- Category: Business
- Published on Wednesday, June 01 2011 01:49
- Written by Rod Hughes
- Hits: 890
The tourism and farm sectors a few weeks ago asked the government to declare a crisis due to the strength of the colon, although the Chamber of Tourism called the plaintive cry for help "premature."
But Vice President Luis Liberman is having none of this alarmism. "You can't expect all sectors to recover from a crisis at the same rate," he told reporter Leticia Vindas of the business newspaper El Financiero.
Liberman has described himself to The Tico Times English-language newspaper as the elected official who specializes in economy in the Chinchilla Administration. As such, he is a powerful voice in advising President Laura Chinchilla who, unlike her predecessor Oscar Arias, is not blessed with an economics degree from the prestigious London School of Economics.
The tourism and agricultural sectors complain that a strong colon vs. the weakened dollar cripples competitivity of agricultural exports and the income of hotels. "We mustn't confuse competitivity with profitability," Liberman says.
"The North American definition (of recovery) says that if you come out of a recession with two quarters of growth, you're already out," says Liberman, "However it appears to me that this definition isn't enough after a recession as severe as we had."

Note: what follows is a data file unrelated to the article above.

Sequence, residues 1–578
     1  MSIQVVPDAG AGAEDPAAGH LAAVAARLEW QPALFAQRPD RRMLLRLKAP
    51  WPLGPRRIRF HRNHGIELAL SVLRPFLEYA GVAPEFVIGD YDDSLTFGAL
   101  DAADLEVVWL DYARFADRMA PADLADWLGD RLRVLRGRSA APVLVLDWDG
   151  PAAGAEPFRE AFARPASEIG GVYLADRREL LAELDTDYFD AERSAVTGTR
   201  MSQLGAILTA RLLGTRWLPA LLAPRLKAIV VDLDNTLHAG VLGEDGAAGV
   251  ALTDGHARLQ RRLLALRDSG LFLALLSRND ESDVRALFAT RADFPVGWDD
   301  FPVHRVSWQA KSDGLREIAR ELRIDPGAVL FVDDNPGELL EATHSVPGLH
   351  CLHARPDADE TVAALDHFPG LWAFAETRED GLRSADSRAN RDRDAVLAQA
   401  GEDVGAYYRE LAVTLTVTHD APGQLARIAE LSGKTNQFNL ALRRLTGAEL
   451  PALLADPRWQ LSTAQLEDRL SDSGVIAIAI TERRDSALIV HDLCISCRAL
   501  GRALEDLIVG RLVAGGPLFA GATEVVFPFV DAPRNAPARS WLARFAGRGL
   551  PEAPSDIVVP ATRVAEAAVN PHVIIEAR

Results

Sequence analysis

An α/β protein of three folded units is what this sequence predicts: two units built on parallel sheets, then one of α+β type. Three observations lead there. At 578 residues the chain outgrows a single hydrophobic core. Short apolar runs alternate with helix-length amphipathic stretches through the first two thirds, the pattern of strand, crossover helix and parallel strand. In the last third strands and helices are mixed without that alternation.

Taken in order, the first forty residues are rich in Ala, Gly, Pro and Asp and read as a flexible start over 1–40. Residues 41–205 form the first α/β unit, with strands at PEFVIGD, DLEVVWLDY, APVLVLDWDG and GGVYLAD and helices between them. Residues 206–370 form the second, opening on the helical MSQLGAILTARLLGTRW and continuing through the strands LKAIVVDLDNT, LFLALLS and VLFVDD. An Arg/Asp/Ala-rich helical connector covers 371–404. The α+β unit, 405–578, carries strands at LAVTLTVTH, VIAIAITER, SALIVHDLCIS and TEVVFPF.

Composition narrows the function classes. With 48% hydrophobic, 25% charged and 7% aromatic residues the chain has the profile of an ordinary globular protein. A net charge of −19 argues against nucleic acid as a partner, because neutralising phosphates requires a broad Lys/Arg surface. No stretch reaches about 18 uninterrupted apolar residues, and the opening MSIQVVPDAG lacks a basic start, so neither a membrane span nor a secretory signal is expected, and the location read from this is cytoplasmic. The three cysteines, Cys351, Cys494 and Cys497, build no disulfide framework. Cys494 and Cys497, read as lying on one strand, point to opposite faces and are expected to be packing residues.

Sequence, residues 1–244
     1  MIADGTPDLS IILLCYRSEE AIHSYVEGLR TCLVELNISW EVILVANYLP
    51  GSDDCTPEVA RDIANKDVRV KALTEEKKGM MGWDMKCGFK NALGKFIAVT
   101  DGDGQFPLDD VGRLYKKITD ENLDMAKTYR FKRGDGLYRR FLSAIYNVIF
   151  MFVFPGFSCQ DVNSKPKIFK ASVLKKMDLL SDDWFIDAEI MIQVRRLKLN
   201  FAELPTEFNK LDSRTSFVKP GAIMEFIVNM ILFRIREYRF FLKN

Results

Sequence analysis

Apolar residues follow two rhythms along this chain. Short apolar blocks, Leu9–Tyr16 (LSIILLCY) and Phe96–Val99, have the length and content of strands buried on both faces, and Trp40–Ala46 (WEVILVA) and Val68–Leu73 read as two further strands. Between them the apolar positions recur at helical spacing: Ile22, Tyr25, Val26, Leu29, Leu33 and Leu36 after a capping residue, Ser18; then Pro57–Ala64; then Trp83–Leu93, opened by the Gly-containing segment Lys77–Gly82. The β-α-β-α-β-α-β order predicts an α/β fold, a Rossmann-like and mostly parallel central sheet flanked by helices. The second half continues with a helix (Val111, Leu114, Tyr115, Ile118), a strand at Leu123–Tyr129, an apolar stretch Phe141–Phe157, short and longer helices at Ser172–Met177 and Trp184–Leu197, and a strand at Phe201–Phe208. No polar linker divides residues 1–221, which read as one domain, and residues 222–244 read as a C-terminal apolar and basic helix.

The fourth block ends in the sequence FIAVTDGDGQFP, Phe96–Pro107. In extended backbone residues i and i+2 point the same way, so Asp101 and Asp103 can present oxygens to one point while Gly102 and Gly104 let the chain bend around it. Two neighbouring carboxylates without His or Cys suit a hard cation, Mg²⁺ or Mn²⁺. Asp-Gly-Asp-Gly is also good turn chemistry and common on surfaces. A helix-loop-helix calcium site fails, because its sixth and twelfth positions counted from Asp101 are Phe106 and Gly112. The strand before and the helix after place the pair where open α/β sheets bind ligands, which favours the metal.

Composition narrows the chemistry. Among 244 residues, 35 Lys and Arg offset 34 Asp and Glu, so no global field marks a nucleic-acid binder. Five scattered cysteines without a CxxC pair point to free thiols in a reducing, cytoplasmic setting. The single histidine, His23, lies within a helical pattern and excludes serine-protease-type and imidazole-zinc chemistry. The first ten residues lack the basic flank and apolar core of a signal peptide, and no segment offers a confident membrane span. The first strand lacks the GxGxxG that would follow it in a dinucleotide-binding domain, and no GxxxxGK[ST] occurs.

"After a crisis not all sectors emerge at the same time for several reasons..." he added, "Generally, construction is the first to go into crisis and the last to emerge."
The tourism sector had a first quarter this year showing a healthy increase, Liberman notes. He said that the strong colon uncovered the fact that many tourism operations were over-extended in debt and that banks only refinanced those with the best chances to pull out of the hole.
As for agriculture, he said the Administration has been working with export farmers on lowering costs of such items as packaging. But in answer to doubts about agricultural competition being crippled here, he noted that Moin is the largest port for fruit exports in Latin America.
As for criticism that the Central Bank has let the colon float too much, he answered sharply, "Excuse me! But the bank has bought up $600 million in colones on the (exchange) market and buys every time the colon touches the base price."
If the Central Bank could invest a billion dollars to bring the colon up from the 500 colon per dollar base, who would pay, he asks. "If you devaluate to 550 colones, it raises the cost of labor, electricity, fuel and everything else," Liberman said.